What is typically in your camera bag?
I like to travel as light as possible, so there’s usually a camera, a telephoto lens (70-200mm f4) a wide angle (16-35mm f4) and maybe a 50mm prime if I think I might be shooting portraits as well. Then there’ll be a carbon fiber tripod, and a couple of filters (a 3 stop neutral density graduated, a 4 stop neutral density reverse grad and a 3 stop and a 6 stop neutral density to slow down exposures). Finally there’ll be odds and ends like a headlamp, spare batteries for the camera and torch, spare cards and then, depending on the weather, extra clothing like a fleece, a rain jacket or a down jacket if it’s cold. I’ll also usually have a GoPro as well. Altogether the bag usually weighs about 7kg if I’m going out on a day hike and coming back after dark.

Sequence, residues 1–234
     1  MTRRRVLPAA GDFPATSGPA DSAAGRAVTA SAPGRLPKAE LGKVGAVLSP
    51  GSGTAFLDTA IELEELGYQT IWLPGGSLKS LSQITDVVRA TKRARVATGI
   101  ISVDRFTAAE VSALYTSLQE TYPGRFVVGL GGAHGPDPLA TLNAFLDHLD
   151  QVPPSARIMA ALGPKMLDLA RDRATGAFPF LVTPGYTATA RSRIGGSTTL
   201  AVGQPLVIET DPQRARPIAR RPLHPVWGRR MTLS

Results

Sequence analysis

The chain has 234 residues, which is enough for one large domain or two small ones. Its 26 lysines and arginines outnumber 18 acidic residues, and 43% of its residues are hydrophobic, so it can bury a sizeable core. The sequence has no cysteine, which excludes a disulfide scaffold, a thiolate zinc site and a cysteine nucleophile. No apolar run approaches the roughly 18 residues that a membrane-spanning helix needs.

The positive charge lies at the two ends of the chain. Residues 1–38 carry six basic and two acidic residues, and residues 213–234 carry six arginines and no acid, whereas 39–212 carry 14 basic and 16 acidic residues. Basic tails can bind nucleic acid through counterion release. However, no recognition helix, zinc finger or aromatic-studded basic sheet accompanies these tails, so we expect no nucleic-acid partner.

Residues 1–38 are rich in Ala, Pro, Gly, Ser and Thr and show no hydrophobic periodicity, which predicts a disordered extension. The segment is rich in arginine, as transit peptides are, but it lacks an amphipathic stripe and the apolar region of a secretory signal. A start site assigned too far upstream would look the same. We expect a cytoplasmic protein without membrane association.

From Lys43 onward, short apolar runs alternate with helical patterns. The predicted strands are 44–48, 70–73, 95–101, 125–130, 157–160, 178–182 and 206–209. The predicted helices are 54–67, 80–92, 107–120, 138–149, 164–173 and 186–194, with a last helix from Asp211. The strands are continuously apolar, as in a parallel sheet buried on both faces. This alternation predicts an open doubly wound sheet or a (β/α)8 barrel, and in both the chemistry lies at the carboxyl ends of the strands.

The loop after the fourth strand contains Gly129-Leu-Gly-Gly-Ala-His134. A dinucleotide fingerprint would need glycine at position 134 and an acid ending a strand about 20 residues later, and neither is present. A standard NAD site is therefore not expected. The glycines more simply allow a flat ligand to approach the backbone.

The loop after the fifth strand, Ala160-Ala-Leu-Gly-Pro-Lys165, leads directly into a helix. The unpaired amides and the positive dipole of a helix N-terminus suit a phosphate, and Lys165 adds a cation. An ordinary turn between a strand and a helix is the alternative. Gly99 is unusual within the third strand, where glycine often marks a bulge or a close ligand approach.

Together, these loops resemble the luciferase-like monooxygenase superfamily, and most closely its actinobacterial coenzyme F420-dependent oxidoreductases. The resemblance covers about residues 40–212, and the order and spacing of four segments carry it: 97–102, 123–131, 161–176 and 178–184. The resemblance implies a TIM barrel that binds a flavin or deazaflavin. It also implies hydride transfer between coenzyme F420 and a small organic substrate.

What equipment do you use now? And what do you start with?
I use a Nikon D800E dSLR and Nikkor lenses, Lee filters and a Gitzo mountaineer tripod. I started out with a Nikon D80, a Sigma 10-20mm and a Nikkor 18-200mm.
What equipment are you looking to upgrade next?
I’m not really much of a gear head and don’t really worry about owning the latest and greatest gear. Of course, when the next generation of cameras come round, I’ll be interested in what the D800s replacement (I don’t count the D810 as a next generation camera) can do, and if there are significant improvements in the same way that the D800 offered significant improvements in dynamic range and resolution, then maybe I’ll upgrade. If not, then I’m happy with what I’ve got now.